Technological change means that working from home won’t disappear when the virus does.
Amid the Covid-19 global pandemic, remote work (or telework) has gone from an optional perk to an essential capability. While remote work’s short-term benefits are obvious, there is also a long-term case to be made for it that does not depend merely on its role in reducing the spread of disease. Remote work should not necessarily be set aside once the pandemic subsides.
In a two-year internal study, Google concluded that the performance of remote and co-located teams showed no significant differences. A 2019 study at the U.S. Patent and Trademark Office found remote patent examinersmoreproductive than co-located ones. And a study of Portuguese research-and-development firms from 2011 to 2016 found that enabling remote work increased labor productivity.
7.9 percent of those earning more than $75,000 yearly work off-site.
A 2019 survey commissioned by Upwork and the Freelancers Union found that including such alternative work sites raises the share of remotes to roughly one in ten; including those who work remotely some of the time increases the percentage to about one in three.
An Upwork survey found that 40 percent of 18- to 34-year-old small-business principals planned to hire full-time remote workers, compared with just 10 percent of principals aged 50 and older.
Nowadays, cameras and microphones are getting better, broadband Internet is widely available, and screens are larger and high-definition. High-quality video streaming is accessible across multiple platforms. What does direct interaction offer that can’t also be had with video calls?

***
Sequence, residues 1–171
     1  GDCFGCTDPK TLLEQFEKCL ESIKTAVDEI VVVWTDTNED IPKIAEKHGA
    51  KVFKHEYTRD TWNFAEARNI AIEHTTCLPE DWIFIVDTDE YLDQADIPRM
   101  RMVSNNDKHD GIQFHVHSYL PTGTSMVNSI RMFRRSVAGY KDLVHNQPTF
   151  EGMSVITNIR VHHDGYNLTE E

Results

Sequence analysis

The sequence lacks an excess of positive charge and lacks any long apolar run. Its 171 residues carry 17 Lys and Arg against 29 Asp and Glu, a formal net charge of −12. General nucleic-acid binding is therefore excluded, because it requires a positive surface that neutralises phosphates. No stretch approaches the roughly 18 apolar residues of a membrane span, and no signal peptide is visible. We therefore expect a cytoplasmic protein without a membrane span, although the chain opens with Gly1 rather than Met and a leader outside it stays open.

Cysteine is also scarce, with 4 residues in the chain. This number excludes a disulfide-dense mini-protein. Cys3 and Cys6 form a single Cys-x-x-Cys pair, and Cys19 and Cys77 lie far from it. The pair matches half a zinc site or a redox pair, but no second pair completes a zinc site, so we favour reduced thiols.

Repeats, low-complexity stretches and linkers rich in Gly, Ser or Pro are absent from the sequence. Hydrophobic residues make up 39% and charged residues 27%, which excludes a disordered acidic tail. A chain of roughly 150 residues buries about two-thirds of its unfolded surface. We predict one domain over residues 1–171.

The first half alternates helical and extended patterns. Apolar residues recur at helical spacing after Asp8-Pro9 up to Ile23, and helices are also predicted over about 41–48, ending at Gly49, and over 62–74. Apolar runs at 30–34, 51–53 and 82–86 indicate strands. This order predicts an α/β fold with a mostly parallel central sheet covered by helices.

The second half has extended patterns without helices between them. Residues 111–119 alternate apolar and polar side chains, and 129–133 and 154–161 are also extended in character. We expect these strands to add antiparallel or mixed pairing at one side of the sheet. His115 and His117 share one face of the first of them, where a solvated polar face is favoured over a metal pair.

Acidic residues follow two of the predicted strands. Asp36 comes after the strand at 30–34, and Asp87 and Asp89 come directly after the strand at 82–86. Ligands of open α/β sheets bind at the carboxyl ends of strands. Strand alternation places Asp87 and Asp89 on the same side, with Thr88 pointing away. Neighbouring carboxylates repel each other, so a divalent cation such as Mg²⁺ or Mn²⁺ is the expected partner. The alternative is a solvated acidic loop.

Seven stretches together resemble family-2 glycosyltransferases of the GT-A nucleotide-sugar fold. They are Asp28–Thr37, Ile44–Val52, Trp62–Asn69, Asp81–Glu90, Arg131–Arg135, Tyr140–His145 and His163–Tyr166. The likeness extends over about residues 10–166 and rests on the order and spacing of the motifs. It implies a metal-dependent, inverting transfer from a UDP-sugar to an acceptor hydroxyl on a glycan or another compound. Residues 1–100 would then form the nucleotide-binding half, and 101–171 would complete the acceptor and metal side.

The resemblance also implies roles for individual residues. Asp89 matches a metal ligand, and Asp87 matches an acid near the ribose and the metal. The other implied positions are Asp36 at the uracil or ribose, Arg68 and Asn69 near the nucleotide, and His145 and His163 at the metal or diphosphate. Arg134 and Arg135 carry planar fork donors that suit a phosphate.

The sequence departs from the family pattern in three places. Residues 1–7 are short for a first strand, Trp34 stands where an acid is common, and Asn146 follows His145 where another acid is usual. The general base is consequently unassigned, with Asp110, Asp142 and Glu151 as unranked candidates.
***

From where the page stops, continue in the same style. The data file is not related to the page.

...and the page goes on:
The challenge with video communication is the many minor interactions that go on in a typical workday. When everyone is situated in the same office, lots of low-cost opportunities exist for the exchange of low-value information—you can ask someone in the hallway a quick question, or bounce an idea off a person, or pop your head into a colleague’s office to get advice. Initiating a video call for similar discussions seems awkward. While video communication largely solves the problem of communicating complex high-value information, the absence of low-stakes interactions can lead to gaps in information—and those can add up. Moreover, low-stakes conversations, which may not even relate directly to work, are probably very important in building trust among employees.
But in recent years, the problem of low-stakes communication has been solved to some degree by a communications strategy that owes most of its utility to distributed innovation among users: text-based messaging. Text solves a transaction cost associated with videochat, which requires the communicating parties to stop whatever they’re doing and give full attention to the conversation.
In Google’s study, employees insisted that face-to-face meetings at the outset of a project led to a substantial boost in efficiency. The evidence on whether this belief is well justified is mixed: for example, another 2016 study found that randomly paired undergraduates who met face-to-face and over videochat had no differences in affiliative feelings. But even if face-to-face does matter, that doesn’t mean that everyone must live in the same city. The trust built in a face-to-face meeting is remarkably durable.
One of the primary advantages of living in or of running a business in cities is the presence of thick labor markets. If you have niche skills or niche needs, it’s easier to find a good match in a big market, which pushes firms and employees to cluster together in cities. The increasing ease of remote work erodes this advantage. After all, a remote worker potentially can apply for positions anywhere in the country, and a business can draw on a labor market national in scope. For this to work, though, the employee and employer need to be able to find each other.